Renée, I enjoyed this post and the content delivered in a visually creative way. I believe the discussion of ethics are important in a world where implications may occur. Çakir (2016) states that the makers of technology are creating a world while ignoring the legalities of the products they make. Should they consider law, morals and ethics? After all the intellectual and social entity involves people…..
Çakir, E. A, (2016). Cyber-humans – our future with machines. Journal of Behaviour & Information Technology,Volume 35, 2016 – Issue 6
The second week of the Film Festival involved a selection of films that helped highlight my perception of Artificial Intelligence. I watched some links before the session and spent time with my pupils discussing the importance of technology and our relationship with our androids, tablets, and smartphones. The pupils agreed that their device was personal, not due to purchase but down to the phone case colours, wallpapers, ringtones and the many apps downloaded used to distinguish their phone from an identical model. Like our selection of cars with installed navigation systems, we connect through ubiquitous technology; some may even go as far as naming the individual device like a pet. However, it came up in conversation that it was down to preference and an extension of our personality. We choose the voice gender of our sat navs and how much our smartphone or device can support and achieve through our knowledge and ability to use the apps. However, films selected looked at the interaction between AI and humans, where a connection can evolve not on just a physical but also an emotional level. In advanced cases, the relationship may form and encounter understanding, emotion, negotiation and in some cases manipulation.
When looking at the different perspectives, the creation of the machine has importance and when the appearance is one that is both friendly and unthreatening our judgment and opinion seem to alter. Miller (2011) highlights that the body has significant and symbolic value. Through social contexts the identity is created but the tone of voice can have an affect regarding the personal connection between human and machine. Sterne (2006) notes that the auditory dimension is almost always left out but goes on to explain that sound can provide more information than the visual element. If the sound of Artificial Intelligence is almost human, there is less fear as the information is brought in a familiar connection. Thus, the dialogue and relationship between human and machine become a grey area. Emotions and boundaries are crossed and even romanticised. A monotonous voice generates a clear distinction between human and machine. The aesthetic look and purpose of the machine also come into play. If the machine is made to look human then is it to live amongst us or to serve us? Would they have rights and the freedom of choice? Can the machine feel emotion and physical joy or pain? If not, then what gives humans permission to abuse or play out roles which would be deemed inappropriate, degrading or abusive towards another human. The fact that the machine only replicates the body and mannerisms of a human does not entitle behaviour that is inhuman. Miller states that manipulating the basic building blocks of life creates concerns of ‘playing God’, replicating human life through machine brings questions of ethics, equality and grey areas in regard to legal legislations.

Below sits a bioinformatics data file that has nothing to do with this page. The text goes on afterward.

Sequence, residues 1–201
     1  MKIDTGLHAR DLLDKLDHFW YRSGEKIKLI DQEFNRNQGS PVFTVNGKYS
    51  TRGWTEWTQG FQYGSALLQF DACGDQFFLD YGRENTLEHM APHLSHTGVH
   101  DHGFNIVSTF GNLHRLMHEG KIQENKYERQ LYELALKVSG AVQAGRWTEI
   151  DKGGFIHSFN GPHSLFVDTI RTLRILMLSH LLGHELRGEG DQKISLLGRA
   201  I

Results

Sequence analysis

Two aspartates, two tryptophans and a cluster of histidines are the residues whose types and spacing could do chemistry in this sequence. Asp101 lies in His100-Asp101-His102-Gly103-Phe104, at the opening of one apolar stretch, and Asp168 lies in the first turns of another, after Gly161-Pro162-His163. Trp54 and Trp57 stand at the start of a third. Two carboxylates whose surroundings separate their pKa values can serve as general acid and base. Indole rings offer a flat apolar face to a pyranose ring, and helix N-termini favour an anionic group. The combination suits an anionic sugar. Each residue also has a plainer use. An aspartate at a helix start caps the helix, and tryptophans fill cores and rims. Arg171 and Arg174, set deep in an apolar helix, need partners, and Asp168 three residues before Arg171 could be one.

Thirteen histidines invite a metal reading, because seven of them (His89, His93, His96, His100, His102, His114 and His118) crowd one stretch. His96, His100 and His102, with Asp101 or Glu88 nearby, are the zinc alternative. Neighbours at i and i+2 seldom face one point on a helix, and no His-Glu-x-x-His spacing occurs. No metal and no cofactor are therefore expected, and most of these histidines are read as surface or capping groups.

We need to understand the purpose of technology and how we can live in equilibrium; A place that technology and machine may be used to help better lives or entertain, but we do not lose sight of humanism. In a world where cyber culture takes us closer to AI, we need to keep boundaries. Like all things we grow attached to, we should understand their part and remind ourselves how to function and survive without technology. Then maybe AI would live among us like Gumdrop rather than try and outsmart or control us…….
Haraway, Donna (2007) A cyborg manifesto from Bell, David; Kennedy, Barbara M (eds), The cybercultures reader pp.34-65, London: Routledge. (e-reserve, pdf)
Miller, V. (2011) Chapter 9: The Body and Information Technology, in Understanding Digital Culture. London: Sage. (e-reserve, pdf)
Sterne, J (2006) The historiography of cyberculture, chapter 1 of Critical cyberculture studies. New York University Press. pp.17-28. (ebook)
While watching a lecture posted by one of my peers a discussion with my 10 year old on connection and technology helped me understand the perception of an inquisitive child. She is always looking over my shoulder while I’m working from home and asking questions on how certain things work. She has always had her own access to technology and looks forward to her scheduled technology times in school and at home. Whilst sitting beside me on her iPad she couldn’t help but drop comments. It took me what felt like forever to watch the 52 minute lecture!!! At one point she informed me that she DOES plays in the playground with all the other children as they don’t have phones and that the image used looked more like adults sitting around the tree glued to their phones! I couldn’t help but laugh to which she said “You are just as bad mummy, I like us face to face when your phone runs out of battery…”
Awkward pause as guilt starts to wash over me..
“BUT I also like FaceTiming you when you are working away from home, so I do understand the connection through technology”.
Oh, dear! I feel that I should maybe put the phone down, give myself allocated technology time and increase communication face to face for a better connection.
@dabjacksonyang Thankyou, I found this very interesting! My 10 year old even watched this with me and shared her views on connection #mscedc
‘The view of learning is expressed in the ‘behaviourist’ conception of learning as a relatively permanent change in behaviour as a result in the individuals experience’ Neil Sewlyn, Education and Technology (2011).